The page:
Viet Nam News
HCM CITY — Last year, a couple was killed and their daughter injured after a truck hit their motorbike on Highway 51 in Bà Rịa-Vũng Tàu Province’s Tân Thành District, which has the highest rate of fatalities in the province.
In the first nine months of last year, the province had more than 570 traffic accidents, most of them on Highway 51, according to the provincial traffic police.
Though heavier traffic is cited as one cause, drivers’ lack of awareness of traffic regulations is considered to be the main reason for the increase in accidents, according to local authorities.
In recent years, the volume of traffic in the area has worsened because of the development of the Cái Mép-Thị Vải port cluster.
The port cluster is the only one in the country that can receive large container vessels travelling directly to Europe and the US without the need to transit through a third country.
Over the last five years, cargo volume through the port has risen 16 per cent annually, leading to far more vehicles travelling from the port cluster to other provinces and cities via 965 Road, which connects to Highway 51 and to roads leading to industrial parks near the cluster.
Every hour, more than 1,880 trucks and cars, in addition to 3,400 motorbikes and bicycles, travel on Highway 51.
Besides the heavy traffic, there are no electric signs that warn drivers to reduce speed at intersections on roads leading to Highway 51 near the port cluster and on streets near industrial parks.
Many traffic signs along these streets are hidden by trees, while streets under construction cannot accommodate the increasing number of vehicles.
Poor public awareness
Despite the growth in traffic, the provincial traffic police and Traffic Safety Committee said that most accidents in the district, including on Highway 51, were caused by drivers’ lack of awareness about traffic regulations.
Last year, the Asia Injury Prevention (AIP) Foundation filmed vehicles travelling on Highway 51 and 965 Road.
The films showed that drivers of motorbikes drove the wrong way, in the wrong lanes, and at high speed. Buses parked illegally to pick up passengers.
Moreover, truck drivers did not obey the proper right of way before they made a turn and did not make lane changes properly.
The AIP Foundation also surveyed 150 truck drivers about their knowledge, behaviour and driving practices.
Nearly 91 per cent of them did not clearly understand the regulation about keeping a safe distance from another vehicle while driving.
More than 86 per cent had inexact answers about how or when to make way for other vehicles, while at least 80 per cent did not closely observe the road while driving.
In addition, more than 60 per cent did not think that running stop signs was unsafe, and more than 79 per cent said that they drove without stopping for a period of more than four hours.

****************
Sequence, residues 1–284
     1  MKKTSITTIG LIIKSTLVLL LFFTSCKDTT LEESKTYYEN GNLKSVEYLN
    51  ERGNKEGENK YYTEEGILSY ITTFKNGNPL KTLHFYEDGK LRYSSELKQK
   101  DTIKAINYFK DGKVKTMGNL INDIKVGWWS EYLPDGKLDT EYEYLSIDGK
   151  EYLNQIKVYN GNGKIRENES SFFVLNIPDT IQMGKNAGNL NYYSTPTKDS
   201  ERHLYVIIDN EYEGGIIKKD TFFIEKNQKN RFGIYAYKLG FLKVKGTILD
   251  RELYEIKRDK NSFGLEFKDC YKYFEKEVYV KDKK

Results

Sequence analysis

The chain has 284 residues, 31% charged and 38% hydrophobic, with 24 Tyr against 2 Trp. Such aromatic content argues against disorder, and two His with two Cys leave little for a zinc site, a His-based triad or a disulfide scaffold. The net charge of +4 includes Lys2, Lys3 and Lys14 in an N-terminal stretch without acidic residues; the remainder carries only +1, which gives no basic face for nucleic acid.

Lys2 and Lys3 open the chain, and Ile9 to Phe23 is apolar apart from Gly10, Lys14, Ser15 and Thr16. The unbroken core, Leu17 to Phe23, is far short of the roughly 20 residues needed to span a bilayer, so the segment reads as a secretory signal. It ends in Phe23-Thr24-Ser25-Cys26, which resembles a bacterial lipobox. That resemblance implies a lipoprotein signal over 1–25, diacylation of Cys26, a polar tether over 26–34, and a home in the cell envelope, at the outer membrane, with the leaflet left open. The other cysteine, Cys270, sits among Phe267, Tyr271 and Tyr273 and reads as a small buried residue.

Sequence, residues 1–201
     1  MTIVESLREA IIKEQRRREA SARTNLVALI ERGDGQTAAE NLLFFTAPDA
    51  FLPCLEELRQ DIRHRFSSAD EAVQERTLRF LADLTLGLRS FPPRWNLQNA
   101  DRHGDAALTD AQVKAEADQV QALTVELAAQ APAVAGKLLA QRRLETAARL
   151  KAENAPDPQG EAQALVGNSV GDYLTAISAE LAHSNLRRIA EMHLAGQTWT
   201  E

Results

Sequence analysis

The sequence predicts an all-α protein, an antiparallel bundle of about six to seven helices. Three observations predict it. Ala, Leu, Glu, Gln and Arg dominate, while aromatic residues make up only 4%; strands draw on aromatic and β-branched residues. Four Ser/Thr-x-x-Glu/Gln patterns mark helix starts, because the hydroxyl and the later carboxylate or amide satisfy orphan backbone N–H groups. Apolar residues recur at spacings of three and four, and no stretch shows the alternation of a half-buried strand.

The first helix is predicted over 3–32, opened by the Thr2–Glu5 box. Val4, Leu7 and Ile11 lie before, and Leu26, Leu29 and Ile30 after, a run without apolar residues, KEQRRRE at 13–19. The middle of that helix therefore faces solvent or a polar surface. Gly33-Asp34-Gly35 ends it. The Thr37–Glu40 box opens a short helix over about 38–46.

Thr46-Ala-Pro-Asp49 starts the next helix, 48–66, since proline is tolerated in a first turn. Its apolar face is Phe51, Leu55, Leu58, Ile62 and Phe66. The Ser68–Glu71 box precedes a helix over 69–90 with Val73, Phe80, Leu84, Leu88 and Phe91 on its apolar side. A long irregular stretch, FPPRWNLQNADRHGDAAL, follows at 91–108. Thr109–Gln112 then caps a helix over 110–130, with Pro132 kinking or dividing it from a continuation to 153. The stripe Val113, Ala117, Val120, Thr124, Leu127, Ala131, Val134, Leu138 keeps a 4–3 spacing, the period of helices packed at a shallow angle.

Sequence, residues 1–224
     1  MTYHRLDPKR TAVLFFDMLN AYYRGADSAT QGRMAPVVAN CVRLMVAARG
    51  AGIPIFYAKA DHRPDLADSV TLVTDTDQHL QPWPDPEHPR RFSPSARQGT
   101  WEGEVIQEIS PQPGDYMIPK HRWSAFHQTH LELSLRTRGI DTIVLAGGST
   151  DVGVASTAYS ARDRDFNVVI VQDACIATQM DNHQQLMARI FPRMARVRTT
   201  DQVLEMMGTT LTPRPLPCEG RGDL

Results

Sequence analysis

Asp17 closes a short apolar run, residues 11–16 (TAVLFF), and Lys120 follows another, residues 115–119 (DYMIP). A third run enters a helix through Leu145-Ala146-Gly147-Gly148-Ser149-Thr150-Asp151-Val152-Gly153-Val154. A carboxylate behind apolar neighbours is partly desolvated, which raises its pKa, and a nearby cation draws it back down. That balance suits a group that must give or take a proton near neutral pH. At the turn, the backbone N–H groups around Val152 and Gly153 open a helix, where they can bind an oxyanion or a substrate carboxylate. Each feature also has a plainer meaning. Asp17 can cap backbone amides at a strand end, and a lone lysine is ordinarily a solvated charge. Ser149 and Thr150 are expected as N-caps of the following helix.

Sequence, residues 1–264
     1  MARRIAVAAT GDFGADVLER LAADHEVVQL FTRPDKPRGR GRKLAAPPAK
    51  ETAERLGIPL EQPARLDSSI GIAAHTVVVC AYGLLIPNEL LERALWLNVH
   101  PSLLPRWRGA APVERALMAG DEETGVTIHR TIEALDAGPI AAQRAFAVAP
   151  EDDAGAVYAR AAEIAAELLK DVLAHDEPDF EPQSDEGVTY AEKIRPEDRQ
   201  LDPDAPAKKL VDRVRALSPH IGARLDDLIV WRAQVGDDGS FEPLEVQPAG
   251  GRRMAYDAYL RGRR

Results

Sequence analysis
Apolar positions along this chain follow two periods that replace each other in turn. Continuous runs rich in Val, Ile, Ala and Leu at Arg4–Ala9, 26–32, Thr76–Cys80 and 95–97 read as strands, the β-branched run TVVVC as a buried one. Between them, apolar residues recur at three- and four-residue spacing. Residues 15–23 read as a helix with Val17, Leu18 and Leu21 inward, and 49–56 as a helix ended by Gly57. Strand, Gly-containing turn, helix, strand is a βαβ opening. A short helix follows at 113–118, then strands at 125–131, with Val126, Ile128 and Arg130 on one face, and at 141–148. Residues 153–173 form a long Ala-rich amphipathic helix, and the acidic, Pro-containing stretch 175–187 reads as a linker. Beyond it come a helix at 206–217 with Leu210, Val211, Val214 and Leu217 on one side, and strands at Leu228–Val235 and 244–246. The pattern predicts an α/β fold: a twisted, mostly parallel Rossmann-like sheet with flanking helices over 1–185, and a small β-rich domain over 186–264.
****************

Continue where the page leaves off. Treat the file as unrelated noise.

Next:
Đặng Văn Mạnh, a 32-year-old truck driver from Bà Rịa-Vũng Tàu Province, said that driving for many consecutive hours was common among truck drivers.
“In the past, I drove for 10 consecutive hours to deliver goods to meet the schedule,” Mạnh said.
Nguyễn Tiến Trung, a truck driver at the Cái Mép International Terminal, said that he had experience driving for many enterprises.
“Many young drivers do not have experience in solving problems in driving. Some of them do not even have a driving license because the companies can’t find drivers of a certain standard,” Trung said.
Newly recruited drivers should be provided training and drive with experienced drivers for at least one month, he said.
Trần Hữu Minh, deputy chief of the National Traffic Safety Committee, said the committee had given priority to more training to all drivers, in addition to upgrading transport infrastructure.
Last week, the country’s first road-safety training course for truck drivers was held at Cái Mép International Terminal to improve driving skills and defensive driving techniques of licensed drivers. The aim was to reduce traffic accidents in Tân Thành District.
A Master Trainer’s Guide is being developed along with the driver training course.
The course is a part of a road-safety programme called Lifting Safety, carried out by the National Traffic Safety Committee in co-operation with the AIP Foundation.
The programme is under the sponsorship of APM Terminal, an international terminal operator based in the Netherlands with facilities in 69 countries.
The programme includes targeted education and community engagement activities to enhance road-safety awareness among students and their parents, as well as truck drivers who use the Cái Mép International Terminal.
In 2017, many other training courses on road-safety skills will be provided to truck drivers in the Lifting Safety programme.
A media awareness campaign and community-based activities in and around the Cái Mép International Terminal port will also be organised.
Minh said that training in safe driving skills would be given to truck drivers at other ports in the country and drivers of other vehicles, including motorbikes.
“Like many of my fellow truck drivers, my family and I live close to the port,” Võ Tấn Lực, a driver at Cái Mép International Terminal, said.
“Improving my driving skills is going to help keep me, my wife, children and coworkers’ families safe in our community.” — VNS